Sunday, 3 November 2013

The story begins...

FOR 40 years since leaving school, I had only ever run for a bus. And I was so slow I still usually missed it.
To be honest, I’m not sure I even ran that far at school. There were a couple of us I seem to remember trailing far behind the pack and looking for short cuts through Sefton Park in Liverpool so we could cheat and rejoin the rest later in the cross-country race.
But that all changed in February this year. I lost my brave and beautiful wife Diane to metastatic breast cancer after seven years of battles, chemo, radiotherapy, tablets and pain.
The loss was devastating, particularly as her coming off the treatment in November last year had given us hope that we had got over the worst. We had already started making plans to do things we had put on hold when she fell ill again over Christmas and New Year. She grew steadily weaker and finally succumbed on February 6.
With Diane suffering so much, my own health had gone downhill, too, without realising quite to what extent. I had been diagnosed in 2011 with Type 2 diabetes and in January this year, I was “morbidly obese” (as they so scarily put it) at nearly 23 stones, my back was starting to object to the weight it was having to carry and my legs were starting to give way.
Now I had lost Diane, I felt alone, weak and vulnerable. Thankfully, she told me to do something about it. And thankfully, I listened to her (as usual).

Diane was my inspiration in life, and she will remain that forever. What happened next is down entirely to her.

I had to sort myself out. For a start, there were two wonderful doggies grieving for their mum who needed a dad who didn’t run out of breath 50 yards into a walk.
So I joined a gym over the road on April 19. On the day I signed up, I couldn’t walk for more than a minute on the treadmill let alone run.
Then, gradually, session by session, I found myself doing more and more. But I needed a target. So I decided to aim for a 5K run and chose one in September as my goal – or maybe Diane chose it. It was the City of Salford 5K, and Salford is where she was born.

I ran it. With Diane. Not for Diane or in memory of Diane. But WITH Diane. She was with me every step of the way – after all, we had done everything together for the past 20 years, why should it be any different now. And that's where the Running With Diane in aid of Breast Cancer Care idea took off.

Diane still fills my heart, my thoughts and I still turn to her for help. I can still feel her hand in mine, her head on my shoulder and hear her voice in my ear. So don’t tell me she’s gone. Because she hasn’t.

That's why I was Running With Diane. And will continue to run with her, every race I do.

Late on in the preparations for the race, I found myself in front of the computer at home, one Sunday morning, thinking – as usual – about Diane. And I started to write. And as I wrote, as I expressed for the first time my emotions from this terrible year, I felt I needed to help others who were going through what we had endured.
So the words I’d written became the heart of a Just Giving page and I set about raising the proverbial “few bob” for Breast Cancer Care, the charity that does so much for cancer sufferers and their families and friends.

The words clearly struck a chord. 

Within hours of the page being put up, donations from friends and work colleagues started to come in. We all raised over £1,600 in the end – a staggering amount given it was just a debut 5K and I was overwhelmed by everyone’s generosity.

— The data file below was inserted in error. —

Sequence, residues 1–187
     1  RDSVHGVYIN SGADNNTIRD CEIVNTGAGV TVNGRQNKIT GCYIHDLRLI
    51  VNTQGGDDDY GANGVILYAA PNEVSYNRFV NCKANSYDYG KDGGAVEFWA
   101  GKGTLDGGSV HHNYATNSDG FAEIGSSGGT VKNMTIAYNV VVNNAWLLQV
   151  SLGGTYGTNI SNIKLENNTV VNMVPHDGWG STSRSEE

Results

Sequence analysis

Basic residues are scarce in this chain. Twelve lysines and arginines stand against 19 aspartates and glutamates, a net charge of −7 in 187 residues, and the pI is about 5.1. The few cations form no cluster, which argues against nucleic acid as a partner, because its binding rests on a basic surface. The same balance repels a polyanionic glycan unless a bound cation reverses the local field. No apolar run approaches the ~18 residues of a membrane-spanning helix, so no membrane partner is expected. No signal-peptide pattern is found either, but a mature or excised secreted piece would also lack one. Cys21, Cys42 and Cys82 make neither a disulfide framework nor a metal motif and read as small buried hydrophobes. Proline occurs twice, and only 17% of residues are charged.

I was told people were inspired by my words. Much the same way that Diane inspired me to write them. And so, in the hope that my story can inspire others, I decided to launch the Running With Diane campaign in aid of Breast Cancer Care.
Keep that in your mind at all time. For those of you who have lost loved ones like I lost Diane, this is something we will do WITH those loved ones.
You and I together will get through our pain by running, jogging, walking, hobbling or shuffling along and raising awareness of the fantastic work Breast Cancer Care does.

Oh, and for the record, since January this year as a result of all this, I have so far lost five and a half stones in weight (at least three more to go), lost six inches off my waist and dropped five shirt sizes. My diabetes is now undetectable and I've got two 10Ks under my belt with more to run in the coming weeks.

All through one day deciding to start Running With Diane.

Now it's getting
serious, Diane...

Diane spent her childhood in Rotterdam. She grew up there and loved the city. It always had a special place in her heart and we promised each other that one day we would visit it together and she would show me where she laughed, played, cried and learned to be the wonderful person she became.
But we kept putting it off and when she was diagnosed, it was shelved altogether. It was one of those things we were planning to do again when she got better. Sadly, that wasn’t to be.
And so to celebrate her childhood years in Rotterdam, I have decided to run the city’s marathon on April 13, 2014, through the streets where she grew up.

And I’ll be doing it with her. Running with Diane.

You can join in the adventure by signing up to this blog via your email, following my journey and being a part of it yourself. Over the coming months leading up to the marathon, I’ll be updating my training progress, talking more about Diane and trying to express how I feel about losing her.
All I want is not to let Diane down and do everything I can on her behalf to help others in our position. I’m hoping people will take some inspiration from my and Diane’s story.
Diane and I hope you can join us...

1 comment:

  1. Please share your experiences if you have lost someone close to you.